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March 2016 (Volume 67, Number 10)

March 2016 (Volume 67, Number 10)

Ellen Meiksins Wood, who died on January 14, was coeditor of Monthly Review with Harry Magdoff and Paul M. Sweezy from 1997 to 2000, and a major contributor to historical materialist thought in the late twentieth and early twenty-first century. Her parents were socialist refugees, members of the Jewish Labor Bund who came to the United States in 1941, after fleeing Latvia in the 1930s, when indigenous fascists came to power. Her mother worked for the Jewish Labor Committee in New York and her father for the United Nations. Ellen obtained her B.A. in Slavic languages at the University of California at Berkeley and went on to do graduate studies in political science at Berkeley, where she met and married Neal Wood, a professor in the department. From the late 1960s to the late 1990s, she taught political theory in the political science department at York University in Toronto.

Ellen Meiksins Wood

Ellen Meiksins Wood, 1942—2016

In the early 1980s Ellen emerged as a major figure in historical materialism, beginning with her now classic 1981 article, “The Separation of the ‘Economic’ and the ‘Political’ in Capitalism,” in New Left Review. In this essay she reconsidered the base and superstructure metaphor in Marx and argued, following historian Robert Brenner, for a “political Marxism,” which sought to de-rigidify the understanding of state and economy, and to emphasize the way in which capitalism was politically constituted. Ellen followed this and other landmark articles with her 1986 book, The Retreat from Class: A New “True” Socialism, criticizing the various post-Marxist tendencies emerging at the time. This book won her the prestigious Deutscher Prize. In 1991 Ellen published The Pristine Culture of Capitalism, a political Marxist analysis comparing the development of modernity in England and on the Continent. She argued that England was the true cultural birthplace, both economically and politically, of modern capitalism—as distinguished from the mere growth of bourgeois society or commercialism.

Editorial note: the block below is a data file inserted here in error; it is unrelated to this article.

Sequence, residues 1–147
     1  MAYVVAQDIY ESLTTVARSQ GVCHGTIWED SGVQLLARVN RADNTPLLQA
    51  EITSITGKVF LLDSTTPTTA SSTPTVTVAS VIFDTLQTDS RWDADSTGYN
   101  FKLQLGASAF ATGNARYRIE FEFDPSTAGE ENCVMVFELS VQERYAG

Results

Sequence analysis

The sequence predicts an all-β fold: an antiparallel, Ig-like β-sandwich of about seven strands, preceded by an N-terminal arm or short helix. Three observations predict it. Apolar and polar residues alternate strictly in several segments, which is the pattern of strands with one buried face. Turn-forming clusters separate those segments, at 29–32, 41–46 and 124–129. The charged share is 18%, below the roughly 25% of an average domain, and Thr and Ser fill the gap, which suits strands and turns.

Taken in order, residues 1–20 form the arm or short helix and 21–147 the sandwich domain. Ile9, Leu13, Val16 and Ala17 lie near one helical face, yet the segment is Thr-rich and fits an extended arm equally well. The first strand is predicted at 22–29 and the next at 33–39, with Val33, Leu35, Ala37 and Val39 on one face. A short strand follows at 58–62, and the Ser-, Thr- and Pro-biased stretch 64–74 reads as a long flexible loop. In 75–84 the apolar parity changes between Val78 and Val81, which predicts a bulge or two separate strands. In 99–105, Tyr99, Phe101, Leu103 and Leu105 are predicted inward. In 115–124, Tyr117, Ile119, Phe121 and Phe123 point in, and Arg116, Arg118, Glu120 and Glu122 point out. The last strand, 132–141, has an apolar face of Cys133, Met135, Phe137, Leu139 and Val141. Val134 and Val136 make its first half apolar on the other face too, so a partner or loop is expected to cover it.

This early, most productive part of her career was to culminate in the publication, in 1995, of her book Democracy Against Capitalism, which stands as one of the great defenses and extensions of historical materialism, bringing out as few had before its connection to democracy and democratic struggle dating back to the ancient demos. Among her principal emphases in this work was class as a relation or process, building on the writings of such figures as E. P. Thompson and Raymond Williams. In this way she reasserted historical ways of thinking, in opposition to the then fashionable “analytical” or “rational choice” Marxism.

After retiring from York, Ellen became coeditor of MR with Magdoff and Sweezy, while residing mainly in London. During her years at the magazine she entered into two crucial debates, one on postmodernism, the other on globalization. The first took the form of an edited collection with John Bellamy Foster, In Defense of History: Marxism and the Postmodern Agenda (1997). The second led to a number of key discussions, such as “Unhappy Families: Global Capitalism in a World of Nation States” (MR July-August 1999), in which she reasserted the importance of the nation-state in capitalism, even in a period of advanced globalization. Her emphasis on the political in the origins and globalization of the system—questioning capitalism as an innate development—was to be reflected in her books The Origin of Capitalism (1999) and The Empire of Capital (2003).

After Neal’s death in 2003, Ellen devoted the following decade to writing a “social history of political theory”—the analytical basis of which Neal had first introduced in an article in Political Theory in 1978, and which was reflected in their two books together, Class Ideology and Ancient Political Theory (1978) and A Trumpet of Sedition (1997). In two volumes, Citizens and Lords (2008) and Liberty and Property (2012)—the first covering the ancient and medieval worlds up through the fourteenth century, and the second from the Renaissance to the Enlightenment—Ellen wrote what she and Neal had originally planned as a unified social history of Western political theory up through the early modern era. In 2014 she married Ed Broadbent, longtime leader of the New Democratic Party in Canada, dividing her time between Ottawa and London.

“The essence of the capitalist economy,” Ellen concluded in Liberty and Property,

is that a very wide range of human activities, which in other times and places were subject to the state or to communal regulation of various kinds, have been transferred to the economic domain. In that ever-expanding domain, human beings are governed not only by the hierarchies of the workplace but also by the compulsions of the market, the relentless requirements of profit-maximization and constant capital accumulation, none of which are subject to democratic freedom or accountability.

As this issue was being completed, we learned of the death of dialectical ecologist, philosopher of science, and MR and Monthly Review Press author Richard Levins on January 19. We will commemorate his life and work in forthcoming issues.

2016, Volume 67, Issue 10 (March)
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